Penn-in-Grahamstown is a Penn Summer Abroad program where students attend the National Arts Festival in Grahamstown, South Africa. This blog that showcases student photos, videos and writing about the festival from Summer 2011.
Content is provided by the Arts & Sciences Learning Commons, an online learning platform that allows students to connect and collaborate.
For more information on Penn Summer Abroad or the Penn-in-Grahamstown program, contact

Aug 1

Introduction from Professor Carol Muller

Penn in Grahamstown, Music 56, is the first summer study abroad class at the University of Pennsylvania that takes students to Africa. We are in South Africa at the National Arts Festival, a festival of music, dance, theater, film, and a thinkfest, all in one town, over an 11 day period. The class begins online through the LPS Commons—this year we had people logging in from Kenya, Bulgaria, South Africa, and the United States. Then we all met together in Grahamstown, South Africa on Wednesday June 29, and began to attend performances at the festival on June 30. Eleven Days of Amazing is how the Festival is billed, and we have truly been amazed so far. When everyone leaves on Sunday July 11, we will have two more days in a regular classroom to process what we have learned, witnessed, and participated in over a four week period. With a final flourish of writing, the class ends, and we all board airplanes to return home.  

For more information on the program, contact

Jul 19

African Rhythms Performance

Video by Vincent

Jul 18

Inua (by Patricia)

Inua, created and performed by Jori Snell, took place in The Hangar. Her intention was to portray a woman in a mythical time and space on a quest to find her origins. In her quest, she sometimes sinks to madness. Jori’s Snell’s thematic focus was the shape shifting journey of life and the change in things. The dance is telling the story about how the narratives of life, both present and ancestral, flow and evolve, one into another. This dance relates to many current events, both figuratively and subjectively. In regards, to South Africa it relates to the forces of life that are making the country evolve. Each story in the dance was a form of metamorphosis or evolution. For example, in the first story, Snell was a mermaid. At first I wondered why she chooses the mermaid story.

However, it may be because she believes as some evolutionists do that her origins began in the sea. I was impressed by the variety of languages that Snell used. Using different languages was another piece of the dance that contributed to the dance as a form of evolution and was reflective of South African culture.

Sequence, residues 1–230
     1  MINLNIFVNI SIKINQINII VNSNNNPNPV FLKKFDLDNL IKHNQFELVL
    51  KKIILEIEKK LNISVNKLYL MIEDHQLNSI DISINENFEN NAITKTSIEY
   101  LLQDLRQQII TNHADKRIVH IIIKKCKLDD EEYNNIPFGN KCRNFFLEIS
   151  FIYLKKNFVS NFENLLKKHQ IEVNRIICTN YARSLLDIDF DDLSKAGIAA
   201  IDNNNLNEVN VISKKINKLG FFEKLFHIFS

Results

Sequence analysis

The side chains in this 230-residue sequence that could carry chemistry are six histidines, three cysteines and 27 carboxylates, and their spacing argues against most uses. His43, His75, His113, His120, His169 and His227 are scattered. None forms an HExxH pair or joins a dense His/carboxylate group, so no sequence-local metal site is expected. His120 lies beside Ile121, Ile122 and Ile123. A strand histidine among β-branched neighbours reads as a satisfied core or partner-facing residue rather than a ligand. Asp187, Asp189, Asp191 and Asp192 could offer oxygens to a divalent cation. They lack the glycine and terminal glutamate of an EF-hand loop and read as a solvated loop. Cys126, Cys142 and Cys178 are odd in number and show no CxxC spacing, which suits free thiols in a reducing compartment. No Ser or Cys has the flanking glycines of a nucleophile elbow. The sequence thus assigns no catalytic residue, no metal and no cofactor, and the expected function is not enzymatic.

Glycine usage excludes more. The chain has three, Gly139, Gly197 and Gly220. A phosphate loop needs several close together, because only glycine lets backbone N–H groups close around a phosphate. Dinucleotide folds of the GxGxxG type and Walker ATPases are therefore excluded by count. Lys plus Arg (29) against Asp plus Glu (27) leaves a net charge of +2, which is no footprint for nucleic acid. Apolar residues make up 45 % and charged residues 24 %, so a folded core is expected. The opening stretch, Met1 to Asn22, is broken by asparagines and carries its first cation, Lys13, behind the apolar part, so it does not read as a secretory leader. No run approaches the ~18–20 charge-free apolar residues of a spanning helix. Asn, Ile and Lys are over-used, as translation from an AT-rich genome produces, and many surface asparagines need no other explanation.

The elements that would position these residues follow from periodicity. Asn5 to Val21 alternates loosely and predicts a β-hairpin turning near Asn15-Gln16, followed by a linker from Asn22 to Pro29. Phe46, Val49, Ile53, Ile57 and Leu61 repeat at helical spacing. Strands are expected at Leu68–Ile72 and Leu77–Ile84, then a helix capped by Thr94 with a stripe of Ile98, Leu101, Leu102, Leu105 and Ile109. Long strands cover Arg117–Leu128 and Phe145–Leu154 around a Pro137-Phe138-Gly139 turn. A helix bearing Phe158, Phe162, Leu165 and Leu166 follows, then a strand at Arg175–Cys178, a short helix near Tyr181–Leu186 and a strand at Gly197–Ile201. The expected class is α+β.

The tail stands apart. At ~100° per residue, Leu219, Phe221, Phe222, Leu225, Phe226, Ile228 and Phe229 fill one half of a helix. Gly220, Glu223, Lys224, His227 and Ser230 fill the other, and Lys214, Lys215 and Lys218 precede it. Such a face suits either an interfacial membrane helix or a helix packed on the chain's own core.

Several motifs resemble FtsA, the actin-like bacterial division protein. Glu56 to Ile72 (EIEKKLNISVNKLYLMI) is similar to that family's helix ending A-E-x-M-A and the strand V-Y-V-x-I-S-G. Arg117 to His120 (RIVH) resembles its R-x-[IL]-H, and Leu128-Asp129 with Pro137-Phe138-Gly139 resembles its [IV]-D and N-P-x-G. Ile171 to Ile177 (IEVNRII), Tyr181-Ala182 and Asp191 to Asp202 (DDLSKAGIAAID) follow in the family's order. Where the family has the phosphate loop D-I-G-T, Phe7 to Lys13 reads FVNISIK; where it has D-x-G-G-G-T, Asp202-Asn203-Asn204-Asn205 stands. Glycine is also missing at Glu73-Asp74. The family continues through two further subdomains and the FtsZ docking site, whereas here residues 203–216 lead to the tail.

Snell appropriately designed the costume, lighting, design, and set.   The scenic design and the pre-recorded music evoked a dreamy feeling.  The visual effects and objects were beautiful, original, sometimes humorous and witty. For example, the creature with only the two red beady eyes in pitch blackness was clever. Another one of Snell’s intentions was to encourage viewers to use their imagination. She was very successful in that endeavor.  This was one of my favorite and most visually memorable performances at the festival.

Introducing Penn-in-Grahamstown Students: Patricia

Video by Mirela

Introducing Penn-in-Grahamstown Students: Natasha & Chris

Video by Mirela

Introducing Penn-in-Grahamstown Students: Derin

Video by Mirela

Ladysmith Black Mambazo (by Patricia)

Ladysmith Black Mambazo took place in the Guy Butler Theatre in the Monument. The ensemble of nine men presented their version of indigenous South African music.

The combination of isicathamiya and traditional Zulu dance was a new and rewarding experience for me. The thing that impressed me most was that I have never seen a ‘boy band’ that large perform, much less with such originality and cohesiveness. The selection that intrigued me the most was the comical rendition of The Farmer in the Dell. It was intriguing to me because it was so unexpected and because I really enjoyed the South African twist and the different expressions of animal sounds.